Skip to content

Mama Aleta Inspires at the 2014 Summit on Women and Climate

August 13, 2014

Earlier this month, over 80 female environmental activists from more than 37 countries gathered in Bali, Indonesia for the “2014 Summit on Women and Climate,” hosted by Global Greengrants Fund, the International Network of Women’s Funds and Greengrants Alliance of Funds.

The four day conference, which took place August 3-7, sought to bring women together to share strategies, address common environmental challenges, build alliances and raise the profile of female environmental leaders around the world.

2013 Goldman Prize winner Mama Aleta Baun attended the conference as a guest speaker, where she discussed her own campaign to stop marble mining on the Molo people’s sacred sites by conducting peaceful “weaving protests.”

Last April, Baun won a seat in the East Nusa Tenggara regional parliament. “I will be adhering to the mandate of the indigenous communities who have asked me to represent them in parliament. And part of that means showing that the indigenous culture is important to us,” she said of her new position.

Other Goldman Prize women in attendance at the conference included 2008 Goldman Prize winner Marina Rikhvanova and Natasha Lisitsyn, wife of 2011 Goldman Prize winner Dmitry Lisitsyn.

Rikhvanova was awarded the Prize for her work to protect Siberia’s Lake Baikal, one of the world’s most important bodies of fresh water, from environmental devastation brought on by these polluting industries.

Dmitry Lisitsyn fought to protect Sakhalin Island’s critical endangered ecosystems while also demanding safety measures from one of the world’s largest petroleum development projects.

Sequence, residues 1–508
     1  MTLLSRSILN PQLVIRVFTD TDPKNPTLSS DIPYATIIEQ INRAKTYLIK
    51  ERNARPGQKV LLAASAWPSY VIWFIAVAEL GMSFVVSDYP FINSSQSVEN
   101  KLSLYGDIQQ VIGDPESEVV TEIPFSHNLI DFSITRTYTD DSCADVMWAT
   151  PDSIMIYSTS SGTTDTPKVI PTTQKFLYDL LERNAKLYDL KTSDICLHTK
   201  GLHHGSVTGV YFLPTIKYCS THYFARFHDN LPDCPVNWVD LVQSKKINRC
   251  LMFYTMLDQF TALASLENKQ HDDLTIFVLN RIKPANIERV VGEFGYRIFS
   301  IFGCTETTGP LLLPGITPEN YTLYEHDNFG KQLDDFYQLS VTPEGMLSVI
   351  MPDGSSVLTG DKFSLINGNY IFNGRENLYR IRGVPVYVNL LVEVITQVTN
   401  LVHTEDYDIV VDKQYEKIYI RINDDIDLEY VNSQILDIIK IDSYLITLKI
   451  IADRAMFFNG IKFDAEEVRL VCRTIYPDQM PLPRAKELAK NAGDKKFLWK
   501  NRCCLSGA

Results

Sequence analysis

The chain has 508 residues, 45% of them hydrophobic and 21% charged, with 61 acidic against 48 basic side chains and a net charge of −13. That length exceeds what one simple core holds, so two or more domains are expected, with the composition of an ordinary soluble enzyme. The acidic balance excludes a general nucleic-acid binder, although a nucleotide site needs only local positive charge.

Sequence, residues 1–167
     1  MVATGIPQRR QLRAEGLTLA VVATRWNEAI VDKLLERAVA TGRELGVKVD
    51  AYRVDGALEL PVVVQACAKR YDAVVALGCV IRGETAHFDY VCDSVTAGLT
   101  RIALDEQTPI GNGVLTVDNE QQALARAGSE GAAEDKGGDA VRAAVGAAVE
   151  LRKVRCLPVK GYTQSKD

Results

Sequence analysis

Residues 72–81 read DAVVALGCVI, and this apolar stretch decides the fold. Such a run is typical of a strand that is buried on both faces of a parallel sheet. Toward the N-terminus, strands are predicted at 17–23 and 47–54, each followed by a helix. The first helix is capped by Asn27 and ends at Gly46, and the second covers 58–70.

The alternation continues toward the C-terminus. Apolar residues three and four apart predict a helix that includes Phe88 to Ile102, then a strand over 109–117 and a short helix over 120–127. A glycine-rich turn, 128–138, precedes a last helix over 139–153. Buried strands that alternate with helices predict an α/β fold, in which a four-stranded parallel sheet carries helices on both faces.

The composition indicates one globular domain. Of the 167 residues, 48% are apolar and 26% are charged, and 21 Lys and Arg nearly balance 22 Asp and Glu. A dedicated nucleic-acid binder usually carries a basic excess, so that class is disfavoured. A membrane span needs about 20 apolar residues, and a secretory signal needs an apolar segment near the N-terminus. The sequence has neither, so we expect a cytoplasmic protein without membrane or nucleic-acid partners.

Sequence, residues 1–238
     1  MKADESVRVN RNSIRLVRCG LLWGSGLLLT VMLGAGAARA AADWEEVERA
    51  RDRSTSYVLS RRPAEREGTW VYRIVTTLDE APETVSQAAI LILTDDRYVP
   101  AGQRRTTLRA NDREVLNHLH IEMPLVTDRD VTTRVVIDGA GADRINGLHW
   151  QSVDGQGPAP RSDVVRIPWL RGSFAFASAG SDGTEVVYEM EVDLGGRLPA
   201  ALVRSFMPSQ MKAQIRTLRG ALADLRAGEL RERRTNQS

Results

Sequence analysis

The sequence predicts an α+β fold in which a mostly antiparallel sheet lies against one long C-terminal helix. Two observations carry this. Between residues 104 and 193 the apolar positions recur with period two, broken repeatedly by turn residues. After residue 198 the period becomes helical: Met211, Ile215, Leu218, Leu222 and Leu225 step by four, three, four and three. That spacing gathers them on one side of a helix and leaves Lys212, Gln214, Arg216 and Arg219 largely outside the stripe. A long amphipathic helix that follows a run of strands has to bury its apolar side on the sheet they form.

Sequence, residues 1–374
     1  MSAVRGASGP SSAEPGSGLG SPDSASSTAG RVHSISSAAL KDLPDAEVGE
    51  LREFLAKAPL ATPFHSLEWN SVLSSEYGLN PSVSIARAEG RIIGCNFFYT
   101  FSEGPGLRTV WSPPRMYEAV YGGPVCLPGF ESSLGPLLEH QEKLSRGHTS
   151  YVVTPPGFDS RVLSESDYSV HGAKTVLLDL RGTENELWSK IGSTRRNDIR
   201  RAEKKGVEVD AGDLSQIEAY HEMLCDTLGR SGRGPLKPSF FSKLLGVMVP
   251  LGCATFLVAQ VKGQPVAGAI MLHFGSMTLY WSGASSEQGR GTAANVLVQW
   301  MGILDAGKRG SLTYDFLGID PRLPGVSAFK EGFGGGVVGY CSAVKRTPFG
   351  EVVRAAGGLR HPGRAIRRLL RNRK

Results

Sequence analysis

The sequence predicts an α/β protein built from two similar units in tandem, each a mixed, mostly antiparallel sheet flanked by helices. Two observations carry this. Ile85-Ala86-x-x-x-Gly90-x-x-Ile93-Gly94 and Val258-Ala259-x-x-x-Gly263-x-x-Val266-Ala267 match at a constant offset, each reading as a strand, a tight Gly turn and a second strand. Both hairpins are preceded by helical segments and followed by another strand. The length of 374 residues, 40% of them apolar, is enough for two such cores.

Related Posts

Stopping the Spill: How Oil Is Changing Our Earth


August 22, 2022 – By Jacqueline Kehoe

News headlines every few years can leave the impression that oil spills are rare, one-off events, like BP’s Deepwater Horizon spill in 2010 or the 1989 Exxon Valdez disaster. In reality, they happen constantly: Over 700 million gallons of waste oil reach the ocean every year, destroying entire ecosystems and communities. Beyond its role in…

Read more

Indigenous Communities: Protectors of our Forests


August 8, 2022 – By Jacqueline Kehoe

It has now become widely understood in environmental circles that Indigenous groups around the world are often the best stewards of land conservation because of their longstanding cultural, spiritual, and physical connections to their territories. August 9, is UN International Day of the World’s Indigenous Peoples, a day that recognizes the unique role of Indigenous…

Read more

In Your Backyard: Urban Oil Extraction


June 13, 2022 – By Jacqueline Kehoe

For many Americans, oil drilling doesn’t feel like a hometown issue—it’s the concern of far-off places, from 2010’s BP oil spill in the Gulf of Mexico to Alaska’s Arctic National Wildlife Refuge. “Urban oil extraction” can even sound like a myth. In reality, it’s happening in our own backyards. Once the first US oil well…

Read more